Lucknow's theatre by and for senior citizens

People's Initiative, an NGO, plan "theatre for elderlies", engaging senior citizens in producing plays revolving around themes related to the golden years of life

Representative image of a film screening for senior citizens
Representative image of a film screening for senior citizens


People's Initiative, a Lucknow-based non-profit organisation, has come up with the concept of "theatre for elderlies"—by them and for them.

The members plan theatre workshops for the elderly and have discussed how senior citizens can be engaged and plays can be produced revolving around themes related to their life stage. Also an aim: getting youth involved in order to build understanding for senior citizens' perspectives.

The examples of veteran actor Anil Rastogi and theatre director Punit Asthana, who are pursuing their passions in their 60s and 70s, may be upheld as inspiration.

According to a survey by HelpAge India, titled 'Bridge the Gap: Understanding Elder Needs', 47 per cent of senior citizens are dependent on family support for an income, and 34 per cent depend on pensions.

Only 21 per cent of elderly people are still working and earning.

"Theatre for senior citizens can go a long way in sensitising our community to the way they look at old age and the contribution it can make to later generations," said theatre director Salim Arif.

"The ensemble activity of theatre itself requires bonding that is essential to the building of a self-reliant social structure that is at the core of our survival and well-being. Instead of thinking of seniors as individuals over the hill, we should see them as the core of our foundation," he added.

Theatre veteran Sangam Bahuguna said, "Theatre can influence and have a deep impact on people's minds. The problems faced by senior citizens are evident. Through stories related to comedy, giving out a positive message is required."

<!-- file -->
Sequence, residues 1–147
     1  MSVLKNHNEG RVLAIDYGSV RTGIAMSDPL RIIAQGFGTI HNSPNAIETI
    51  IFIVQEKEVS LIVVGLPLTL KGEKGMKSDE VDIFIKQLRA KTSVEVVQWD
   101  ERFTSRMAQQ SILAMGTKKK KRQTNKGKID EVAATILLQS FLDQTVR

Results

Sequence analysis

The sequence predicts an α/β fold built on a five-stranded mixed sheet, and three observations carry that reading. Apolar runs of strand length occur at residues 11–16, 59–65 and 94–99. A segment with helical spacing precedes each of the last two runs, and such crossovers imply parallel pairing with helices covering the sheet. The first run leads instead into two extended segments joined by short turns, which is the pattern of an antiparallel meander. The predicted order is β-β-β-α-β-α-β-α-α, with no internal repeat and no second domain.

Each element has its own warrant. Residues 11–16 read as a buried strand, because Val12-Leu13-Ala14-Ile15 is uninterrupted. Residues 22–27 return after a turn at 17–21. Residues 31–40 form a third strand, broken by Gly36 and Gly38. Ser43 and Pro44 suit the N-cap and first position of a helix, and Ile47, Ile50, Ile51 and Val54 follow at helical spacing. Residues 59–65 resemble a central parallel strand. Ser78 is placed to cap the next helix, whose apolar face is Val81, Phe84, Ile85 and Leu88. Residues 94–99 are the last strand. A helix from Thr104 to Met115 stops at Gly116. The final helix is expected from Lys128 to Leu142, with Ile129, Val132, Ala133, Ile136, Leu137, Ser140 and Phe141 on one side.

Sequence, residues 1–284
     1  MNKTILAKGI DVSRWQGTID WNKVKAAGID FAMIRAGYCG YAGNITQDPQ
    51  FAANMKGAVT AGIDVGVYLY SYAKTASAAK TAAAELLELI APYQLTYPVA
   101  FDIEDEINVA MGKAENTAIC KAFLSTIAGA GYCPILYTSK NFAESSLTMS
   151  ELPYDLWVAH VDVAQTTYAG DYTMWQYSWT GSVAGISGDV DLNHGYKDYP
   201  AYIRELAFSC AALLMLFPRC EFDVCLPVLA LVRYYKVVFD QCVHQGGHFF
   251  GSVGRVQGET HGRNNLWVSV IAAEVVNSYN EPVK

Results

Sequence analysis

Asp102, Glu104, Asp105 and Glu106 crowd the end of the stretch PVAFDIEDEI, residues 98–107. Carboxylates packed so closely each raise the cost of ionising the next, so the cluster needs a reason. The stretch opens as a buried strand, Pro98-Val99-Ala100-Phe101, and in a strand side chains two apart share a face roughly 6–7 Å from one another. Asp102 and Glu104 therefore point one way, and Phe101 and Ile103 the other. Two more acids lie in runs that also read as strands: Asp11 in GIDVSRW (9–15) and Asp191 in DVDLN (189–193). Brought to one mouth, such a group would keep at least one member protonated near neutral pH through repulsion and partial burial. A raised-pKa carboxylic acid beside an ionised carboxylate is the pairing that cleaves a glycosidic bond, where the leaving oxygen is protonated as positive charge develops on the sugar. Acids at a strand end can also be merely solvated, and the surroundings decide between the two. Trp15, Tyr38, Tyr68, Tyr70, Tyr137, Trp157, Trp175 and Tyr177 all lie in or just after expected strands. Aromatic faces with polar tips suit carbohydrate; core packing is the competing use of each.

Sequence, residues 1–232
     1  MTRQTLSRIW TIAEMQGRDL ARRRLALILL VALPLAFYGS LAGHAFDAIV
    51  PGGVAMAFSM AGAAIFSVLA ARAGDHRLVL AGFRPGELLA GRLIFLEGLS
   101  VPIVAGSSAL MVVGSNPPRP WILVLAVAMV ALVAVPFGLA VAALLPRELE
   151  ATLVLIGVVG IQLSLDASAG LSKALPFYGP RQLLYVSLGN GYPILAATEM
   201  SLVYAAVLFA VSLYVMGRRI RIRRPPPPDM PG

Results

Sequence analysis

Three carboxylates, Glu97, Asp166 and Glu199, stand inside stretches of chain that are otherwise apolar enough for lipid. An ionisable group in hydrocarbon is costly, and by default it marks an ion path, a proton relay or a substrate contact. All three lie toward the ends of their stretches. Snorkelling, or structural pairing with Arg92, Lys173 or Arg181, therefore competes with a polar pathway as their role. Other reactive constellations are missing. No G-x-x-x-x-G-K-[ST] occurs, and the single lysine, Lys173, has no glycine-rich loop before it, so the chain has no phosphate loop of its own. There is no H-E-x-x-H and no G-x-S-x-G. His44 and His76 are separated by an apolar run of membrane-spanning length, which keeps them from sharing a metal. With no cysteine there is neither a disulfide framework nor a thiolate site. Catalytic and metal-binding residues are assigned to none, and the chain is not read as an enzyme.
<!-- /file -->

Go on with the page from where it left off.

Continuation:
Sharing a recent anecdote from the recent 30 Days, 30 Plays event, Bahuguna added, "While we were sceptical [of whether] people will come to see the plays on all 30 days, it was overwhelming to find that not only the auditorium was jam-packed but most people in the audience were the elderlies."

Theatre artist Gopal Sinha said, "Senior artists should not be given the role of [only] elderly people. If a youngster can play the role of a senior citizen, it should be vice versa too."

Members of the organisation agreed that a 40-day theatre workshop should be organised where elderly people can teach, learn, write, enact and get involved in whatever way they can and also institute an award for creative writing by and for the elderly.

To engage more senior citizens, the members also discussed how they can do baithaks (discussion events) and qissa goi (storytelling), and organise small gatherings in their locality so that people can become aware of such ventures.

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